JOAO PESSOA, Brazil (AP) — A 16-member team of the U.S. Centers for Disease Control and Prevention is starting work on a "case-control" study aimed at determining whether the Zika virus really does cause babies to be born with the devastating birth defect microcephaly, as Brazilian researchers strongly suspect.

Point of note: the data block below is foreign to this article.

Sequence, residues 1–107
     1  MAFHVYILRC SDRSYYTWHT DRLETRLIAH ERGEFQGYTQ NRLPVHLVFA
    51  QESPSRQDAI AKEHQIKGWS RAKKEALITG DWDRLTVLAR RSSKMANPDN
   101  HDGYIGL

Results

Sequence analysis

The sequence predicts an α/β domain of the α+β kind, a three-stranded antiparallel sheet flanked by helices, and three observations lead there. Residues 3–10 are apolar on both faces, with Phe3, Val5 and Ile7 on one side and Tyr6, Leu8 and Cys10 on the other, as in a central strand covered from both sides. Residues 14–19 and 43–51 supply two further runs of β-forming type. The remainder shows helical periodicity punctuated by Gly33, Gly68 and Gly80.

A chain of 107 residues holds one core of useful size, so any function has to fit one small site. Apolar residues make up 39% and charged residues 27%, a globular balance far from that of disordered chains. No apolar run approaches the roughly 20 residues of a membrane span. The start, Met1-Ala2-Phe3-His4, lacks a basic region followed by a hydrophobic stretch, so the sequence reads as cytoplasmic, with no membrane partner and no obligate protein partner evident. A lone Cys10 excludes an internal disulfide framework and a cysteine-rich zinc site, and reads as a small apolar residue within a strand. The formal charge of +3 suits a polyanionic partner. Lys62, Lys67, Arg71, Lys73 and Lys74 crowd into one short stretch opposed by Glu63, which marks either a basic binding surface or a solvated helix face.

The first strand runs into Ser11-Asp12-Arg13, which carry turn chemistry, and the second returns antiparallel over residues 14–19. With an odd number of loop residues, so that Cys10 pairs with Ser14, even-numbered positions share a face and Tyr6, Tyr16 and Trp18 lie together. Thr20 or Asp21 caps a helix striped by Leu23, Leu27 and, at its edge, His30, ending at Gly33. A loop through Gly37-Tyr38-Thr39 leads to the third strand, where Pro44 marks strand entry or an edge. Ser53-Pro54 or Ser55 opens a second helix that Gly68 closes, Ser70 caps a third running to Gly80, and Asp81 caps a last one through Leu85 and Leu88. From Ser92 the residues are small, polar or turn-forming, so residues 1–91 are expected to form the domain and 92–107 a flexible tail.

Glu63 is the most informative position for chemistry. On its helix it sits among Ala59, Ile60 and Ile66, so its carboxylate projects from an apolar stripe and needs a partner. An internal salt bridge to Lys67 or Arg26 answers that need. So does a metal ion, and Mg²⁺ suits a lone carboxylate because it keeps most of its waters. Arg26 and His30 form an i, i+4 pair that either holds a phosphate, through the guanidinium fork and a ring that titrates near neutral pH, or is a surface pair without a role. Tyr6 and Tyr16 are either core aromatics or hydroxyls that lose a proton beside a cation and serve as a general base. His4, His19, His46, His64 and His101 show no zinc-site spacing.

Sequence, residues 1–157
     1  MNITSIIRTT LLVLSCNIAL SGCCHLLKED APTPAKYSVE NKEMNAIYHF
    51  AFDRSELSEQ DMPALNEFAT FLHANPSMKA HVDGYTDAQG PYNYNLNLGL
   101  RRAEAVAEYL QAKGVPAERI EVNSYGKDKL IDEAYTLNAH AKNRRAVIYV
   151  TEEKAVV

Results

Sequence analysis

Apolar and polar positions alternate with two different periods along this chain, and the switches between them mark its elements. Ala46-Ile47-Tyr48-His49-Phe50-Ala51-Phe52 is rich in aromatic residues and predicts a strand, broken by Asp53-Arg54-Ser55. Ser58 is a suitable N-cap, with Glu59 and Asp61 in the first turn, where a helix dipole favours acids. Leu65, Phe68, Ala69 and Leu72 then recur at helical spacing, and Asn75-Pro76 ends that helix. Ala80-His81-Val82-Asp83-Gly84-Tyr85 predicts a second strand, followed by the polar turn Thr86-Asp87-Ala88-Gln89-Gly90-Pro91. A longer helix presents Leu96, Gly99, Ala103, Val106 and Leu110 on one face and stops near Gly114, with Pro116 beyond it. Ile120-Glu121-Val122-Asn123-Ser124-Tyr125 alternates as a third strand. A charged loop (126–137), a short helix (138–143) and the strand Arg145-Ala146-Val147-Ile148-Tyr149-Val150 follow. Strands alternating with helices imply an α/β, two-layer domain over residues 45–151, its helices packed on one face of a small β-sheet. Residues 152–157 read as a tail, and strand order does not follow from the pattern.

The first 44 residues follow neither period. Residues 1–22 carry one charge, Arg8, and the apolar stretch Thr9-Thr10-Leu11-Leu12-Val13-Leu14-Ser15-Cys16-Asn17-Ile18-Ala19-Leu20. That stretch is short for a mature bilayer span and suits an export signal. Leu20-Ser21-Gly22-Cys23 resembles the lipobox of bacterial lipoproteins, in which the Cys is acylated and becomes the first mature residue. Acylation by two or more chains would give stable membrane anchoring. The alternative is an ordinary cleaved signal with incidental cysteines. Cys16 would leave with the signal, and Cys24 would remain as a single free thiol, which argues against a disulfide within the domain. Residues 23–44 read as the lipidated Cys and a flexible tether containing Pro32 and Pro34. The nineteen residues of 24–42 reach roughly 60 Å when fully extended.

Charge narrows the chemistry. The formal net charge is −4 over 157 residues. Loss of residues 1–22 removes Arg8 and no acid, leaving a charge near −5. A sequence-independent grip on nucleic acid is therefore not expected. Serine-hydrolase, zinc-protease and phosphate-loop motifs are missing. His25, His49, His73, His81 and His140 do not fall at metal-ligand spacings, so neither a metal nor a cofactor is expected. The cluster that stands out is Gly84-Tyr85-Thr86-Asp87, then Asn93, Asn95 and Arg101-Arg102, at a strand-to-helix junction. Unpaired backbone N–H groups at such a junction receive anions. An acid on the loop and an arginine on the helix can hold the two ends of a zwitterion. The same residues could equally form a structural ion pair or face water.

The study kicked off on Monday with a training session in Joao Pessoa, a city in Brazil's northeastern region that is the epicenter of the South American nation's Zika outbreak.
The CDC team is working with dozens of members of Brazil's Health Ministry, as well as Paraiba state's health secretariat.
The team members will fan out though Paraiba starting Tuesday to track down babies with microcephaly and their mothers. Blood samples will help determine whether the mothers had Zika.